Now the European Commission has proposed a new directive on patients' rights in cross-border health care. The proposal codifies the rulings of the ECJ, which have determined that it is the right of all patients within the European Union to have access to health care in any member state, their own or another. The patient also has a right to compensation for costs incurred, regardless of how a particular member state organises its health care provision.
At the same time the Commission proposal foresees the regulation of health care at European level in both the public and private sectors, despite the fact that health care services are specifically exempt from the scope of the Services Directive. The proposal relates to the free movement of persons (patients and workers in the health care sector) and the freedom of establishment and service provision in the health care sector. In our view, this looks suspiciously like putting health care back into Bolkestein's Services Directive, by the back door.
The question is whether a directive of this kind is really necessary and whether it is truly proportional. ECJ rulings demand an adaptation of the existing rules. The Netherlands' own law on health care already conforms to European judgements. Would it therefore not be easier to address those countries whose laws do not fully conform to EU requirements? A further question is whether this directive will solve the problems affecting compensation payments for cross-border health care. It should also be noted that, of total health care delivery within the European Union, scarcely one per cent involves patients being treated outside their own country.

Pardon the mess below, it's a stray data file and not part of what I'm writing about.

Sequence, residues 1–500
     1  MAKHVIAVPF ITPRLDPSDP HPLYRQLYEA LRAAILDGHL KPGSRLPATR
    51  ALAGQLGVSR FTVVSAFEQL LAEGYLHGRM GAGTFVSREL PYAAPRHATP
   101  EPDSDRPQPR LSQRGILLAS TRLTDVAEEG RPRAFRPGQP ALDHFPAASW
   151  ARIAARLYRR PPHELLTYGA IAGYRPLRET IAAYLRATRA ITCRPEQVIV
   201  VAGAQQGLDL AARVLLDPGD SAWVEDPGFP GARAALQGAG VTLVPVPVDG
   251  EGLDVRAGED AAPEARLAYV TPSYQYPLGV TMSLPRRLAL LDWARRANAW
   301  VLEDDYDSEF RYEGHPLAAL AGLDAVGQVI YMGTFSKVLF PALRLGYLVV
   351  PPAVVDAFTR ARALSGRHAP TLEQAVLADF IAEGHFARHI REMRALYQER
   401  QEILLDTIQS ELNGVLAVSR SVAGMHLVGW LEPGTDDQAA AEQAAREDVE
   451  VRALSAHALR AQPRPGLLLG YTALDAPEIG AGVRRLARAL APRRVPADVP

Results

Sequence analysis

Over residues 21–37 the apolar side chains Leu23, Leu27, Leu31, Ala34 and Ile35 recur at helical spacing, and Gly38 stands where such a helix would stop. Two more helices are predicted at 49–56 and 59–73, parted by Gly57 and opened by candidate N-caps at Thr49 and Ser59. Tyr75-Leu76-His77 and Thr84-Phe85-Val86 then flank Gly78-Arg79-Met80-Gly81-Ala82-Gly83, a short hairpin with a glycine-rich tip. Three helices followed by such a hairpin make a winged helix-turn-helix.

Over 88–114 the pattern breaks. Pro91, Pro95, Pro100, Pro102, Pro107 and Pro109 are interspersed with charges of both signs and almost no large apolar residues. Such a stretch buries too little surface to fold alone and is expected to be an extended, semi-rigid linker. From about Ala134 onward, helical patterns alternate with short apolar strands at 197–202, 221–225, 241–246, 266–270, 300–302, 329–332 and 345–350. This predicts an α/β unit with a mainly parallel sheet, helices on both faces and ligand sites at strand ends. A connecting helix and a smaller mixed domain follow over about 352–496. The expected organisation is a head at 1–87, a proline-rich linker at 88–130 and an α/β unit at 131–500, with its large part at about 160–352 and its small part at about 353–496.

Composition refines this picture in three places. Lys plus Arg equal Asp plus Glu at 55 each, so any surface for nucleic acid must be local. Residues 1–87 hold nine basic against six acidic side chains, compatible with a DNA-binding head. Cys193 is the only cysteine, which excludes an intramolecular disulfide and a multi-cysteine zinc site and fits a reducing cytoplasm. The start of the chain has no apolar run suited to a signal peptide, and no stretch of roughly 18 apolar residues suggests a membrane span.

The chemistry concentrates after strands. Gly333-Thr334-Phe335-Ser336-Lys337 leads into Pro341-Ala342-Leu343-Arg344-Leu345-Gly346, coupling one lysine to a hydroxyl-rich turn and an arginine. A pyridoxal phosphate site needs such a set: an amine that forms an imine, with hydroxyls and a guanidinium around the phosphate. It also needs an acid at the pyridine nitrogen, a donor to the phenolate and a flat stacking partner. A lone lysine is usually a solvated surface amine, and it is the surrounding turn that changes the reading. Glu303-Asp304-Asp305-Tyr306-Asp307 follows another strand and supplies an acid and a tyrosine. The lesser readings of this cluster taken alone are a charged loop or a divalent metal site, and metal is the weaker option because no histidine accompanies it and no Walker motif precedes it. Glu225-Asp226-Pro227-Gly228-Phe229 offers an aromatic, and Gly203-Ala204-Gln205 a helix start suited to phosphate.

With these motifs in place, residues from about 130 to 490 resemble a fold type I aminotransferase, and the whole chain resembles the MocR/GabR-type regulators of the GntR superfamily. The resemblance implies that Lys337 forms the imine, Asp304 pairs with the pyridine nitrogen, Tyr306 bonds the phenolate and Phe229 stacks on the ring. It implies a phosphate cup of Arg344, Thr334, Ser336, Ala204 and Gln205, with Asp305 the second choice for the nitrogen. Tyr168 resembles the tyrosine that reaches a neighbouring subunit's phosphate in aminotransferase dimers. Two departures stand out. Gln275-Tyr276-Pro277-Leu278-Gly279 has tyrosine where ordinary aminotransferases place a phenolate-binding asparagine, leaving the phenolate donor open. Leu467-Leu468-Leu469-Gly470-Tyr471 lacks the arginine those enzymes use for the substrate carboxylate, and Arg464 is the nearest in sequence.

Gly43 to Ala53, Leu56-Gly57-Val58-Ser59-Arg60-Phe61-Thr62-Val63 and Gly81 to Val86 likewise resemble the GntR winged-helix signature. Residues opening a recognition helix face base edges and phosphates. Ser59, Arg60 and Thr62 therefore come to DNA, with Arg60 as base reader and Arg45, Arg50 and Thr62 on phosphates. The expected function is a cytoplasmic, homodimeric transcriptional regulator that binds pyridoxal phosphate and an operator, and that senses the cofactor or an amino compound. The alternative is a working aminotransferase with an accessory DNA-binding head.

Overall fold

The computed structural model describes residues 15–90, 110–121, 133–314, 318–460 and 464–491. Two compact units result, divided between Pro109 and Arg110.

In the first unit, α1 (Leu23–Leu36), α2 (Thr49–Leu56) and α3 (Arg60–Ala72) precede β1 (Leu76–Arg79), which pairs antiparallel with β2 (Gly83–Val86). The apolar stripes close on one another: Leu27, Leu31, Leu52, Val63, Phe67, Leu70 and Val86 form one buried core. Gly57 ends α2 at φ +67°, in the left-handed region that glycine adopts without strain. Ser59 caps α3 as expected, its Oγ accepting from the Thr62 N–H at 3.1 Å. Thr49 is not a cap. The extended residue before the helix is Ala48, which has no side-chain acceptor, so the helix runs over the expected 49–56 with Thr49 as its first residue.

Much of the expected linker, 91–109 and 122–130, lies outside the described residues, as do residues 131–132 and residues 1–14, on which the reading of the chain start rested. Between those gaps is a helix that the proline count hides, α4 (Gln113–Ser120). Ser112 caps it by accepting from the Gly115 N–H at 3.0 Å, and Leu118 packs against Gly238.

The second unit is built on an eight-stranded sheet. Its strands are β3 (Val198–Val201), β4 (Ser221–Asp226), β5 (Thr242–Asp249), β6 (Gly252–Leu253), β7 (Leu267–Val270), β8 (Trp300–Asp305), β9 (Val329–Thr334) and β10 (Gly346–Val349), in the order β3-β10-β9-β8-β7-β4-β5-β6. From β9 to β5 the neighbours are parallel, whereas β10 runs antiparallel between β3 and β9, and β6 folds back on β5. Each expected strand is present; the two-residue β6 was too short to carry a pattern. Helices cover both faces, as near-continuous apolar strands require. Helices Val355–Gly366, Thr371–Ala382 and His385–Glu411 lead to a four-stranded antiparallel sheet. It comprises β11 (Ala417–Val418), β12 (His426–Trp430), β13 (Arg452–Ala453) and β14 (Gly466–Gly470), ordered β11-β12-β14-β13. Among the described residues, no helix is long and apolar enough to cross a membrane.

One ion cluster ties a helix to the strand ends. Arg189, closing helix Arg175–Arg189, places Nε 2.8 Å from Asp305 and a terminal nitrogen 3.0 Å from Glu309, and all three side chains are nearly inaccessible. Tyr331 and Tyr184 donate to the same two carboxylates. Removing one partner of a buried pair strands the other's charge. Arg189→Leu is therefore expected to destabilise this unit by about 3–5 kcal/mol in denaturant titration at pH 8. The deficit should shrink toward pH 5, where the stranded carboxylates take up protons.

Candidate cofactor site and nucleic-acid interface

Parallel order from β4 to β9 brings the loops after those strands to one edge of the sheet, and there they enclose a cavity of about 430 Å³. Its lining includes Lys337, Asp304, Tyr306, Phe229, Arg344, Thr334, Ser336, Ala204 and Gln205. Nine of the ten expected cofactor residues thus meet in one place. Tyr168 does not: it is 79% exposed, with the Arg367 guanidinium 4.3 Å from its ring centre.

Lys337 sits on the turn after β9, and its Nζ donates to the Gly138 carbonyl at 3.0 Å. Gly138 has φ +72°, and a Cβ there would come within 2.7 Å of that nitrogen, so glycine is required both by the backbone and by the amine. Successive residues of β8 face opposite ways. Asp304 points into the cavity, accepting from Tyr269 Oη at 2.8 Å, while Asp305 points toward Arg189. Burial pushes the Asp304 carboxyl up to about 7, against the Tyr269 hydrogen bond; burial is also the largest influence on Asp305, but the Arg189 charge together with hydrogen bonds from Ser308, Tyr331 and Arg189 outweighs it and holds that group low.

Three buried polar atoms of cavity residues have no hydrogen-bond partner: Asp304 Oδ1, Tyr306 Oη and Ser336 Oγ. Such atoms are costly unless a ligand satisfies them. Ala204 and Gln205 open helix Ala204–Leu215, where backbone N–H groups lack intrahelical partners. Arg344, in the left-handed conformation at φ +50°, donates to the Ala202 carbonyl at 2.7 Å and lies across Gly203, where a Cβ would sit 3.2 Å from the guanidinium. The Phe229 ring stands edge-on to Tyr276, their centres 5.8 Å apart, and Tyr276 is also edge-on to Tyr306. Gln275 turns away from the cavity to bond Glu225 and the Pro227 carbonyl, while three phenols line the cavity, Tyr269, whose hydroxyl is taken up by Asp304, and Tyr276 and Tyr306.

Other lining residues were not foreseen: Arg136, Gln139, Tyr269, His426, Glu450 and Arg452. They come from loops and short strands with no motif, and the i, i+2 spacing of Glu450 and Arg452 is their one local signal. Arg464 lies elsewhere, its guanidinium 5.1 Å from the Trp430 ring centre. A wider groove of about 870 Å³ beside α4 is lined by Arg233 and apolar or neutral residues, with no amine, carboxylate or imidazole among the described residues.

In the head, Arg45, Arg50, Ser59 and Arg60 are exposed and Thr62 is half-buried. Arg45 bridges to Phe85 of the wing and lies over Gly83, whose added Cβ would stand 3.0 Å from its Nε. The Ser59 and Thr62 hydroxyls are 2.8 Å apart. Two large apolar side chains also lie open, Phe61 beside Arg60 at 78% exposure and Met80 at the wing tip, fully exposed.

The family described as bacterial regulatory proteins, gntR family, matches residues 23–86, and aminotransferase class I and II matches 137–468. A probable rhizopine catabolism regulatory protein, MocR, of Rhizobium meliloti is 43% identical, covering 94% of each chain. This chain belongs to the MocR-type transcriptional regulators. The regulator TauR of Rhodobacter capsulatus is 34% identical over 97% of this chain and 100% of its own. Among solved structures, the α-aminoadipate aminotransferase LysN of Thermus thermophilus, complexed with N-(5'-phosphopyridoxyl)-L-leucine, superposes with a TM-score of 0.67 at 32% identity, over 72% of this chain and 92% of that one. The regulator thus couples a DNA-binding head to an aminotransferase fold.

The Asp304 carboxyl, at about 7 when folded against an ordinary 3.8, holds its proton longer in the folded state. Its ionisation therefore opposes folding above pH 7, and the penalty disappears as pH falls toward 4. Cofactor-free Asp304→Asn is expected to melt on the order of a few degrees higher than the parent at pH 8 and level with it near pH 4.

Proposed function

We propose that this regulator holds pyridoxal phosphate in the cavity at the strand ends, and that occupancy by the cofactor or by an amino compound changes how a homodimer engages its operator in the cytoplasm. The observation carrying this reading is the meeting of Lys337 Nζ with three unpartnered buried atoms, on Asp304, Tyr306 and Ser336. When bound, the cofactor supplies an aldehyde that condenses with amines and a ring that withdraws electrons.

Brussels, 2005: Jessica van Ruitenberg, one of the authors of this article, demonstrates in plain language against the 'dienstenrichtlijn' – the Services Directive.
Equal treatment for everyone, rich and poor
The Commission proposal concerns primarily patients who have initially to pay the costs of their treatment out of their own pockets. Their costs will then be reimbursed by their own health insurance in their own member state, provided their insurance covers the specific treatment received. Travel expenses, accommodation costs and possible legal expenses will not be reimbursable. In our view, this means that people who have more disposable income, a higher level of education, a command of foreign languages and ready access to professional advice will be at an enormous advantage. Such people can see more easily what is available outside their own countries and thus choose the best care around. Social status would thus become a more significant factor in determining patient mobility. This system of reimbursement amounts to nothing less than discrimination against poor people and poor member states, something which should certainly not be written into law.